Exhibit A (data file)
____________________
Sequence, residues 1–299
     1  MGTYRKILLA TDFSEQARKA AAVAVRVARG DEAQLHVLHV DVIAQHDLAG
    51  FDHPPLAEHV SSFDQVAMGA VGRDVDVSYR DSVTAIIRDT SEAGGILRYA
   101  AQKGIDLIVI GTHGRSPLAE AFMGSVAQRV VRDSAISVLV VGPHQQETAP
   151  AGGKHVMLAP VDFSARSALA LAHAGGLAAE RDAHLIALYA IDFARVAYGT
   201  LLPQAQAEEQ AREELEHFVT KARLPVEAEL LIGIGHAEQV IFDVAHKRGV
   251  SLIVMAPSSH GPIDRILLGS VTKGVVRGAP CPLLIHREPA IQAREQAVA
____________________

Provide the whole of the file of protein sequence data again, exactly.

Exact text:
Sequence, residues 1–299
     1  MGTYRKILLA TDFSEQARKA AAVAVRVARG DEAQLHVLHV DVIAQHDLAG
    51  FDHPPLAEHV SSFDQVAMGA VGRDVDVSYR DSVTAIIRDT SEAGGILRYA
   101  AQKGIDLIVI GTHGRSPLAE AFMGSVAQRV VRDSAISVLV VGPHQQETAP
   151  AGGKHVMLAP VDFSARSALA LAHAGGLAAE RDAHLIALYA IDFARVAYGT
   201  LLPQAQAEEQ AREELEHFVT KARLPVEAEL LIGIGHAEQV IFDVAHKRGV
   251  SLIVMAPSSH GPIDRILLGS VTKGVVRGAP CPLLIHREPA IQAREQAVA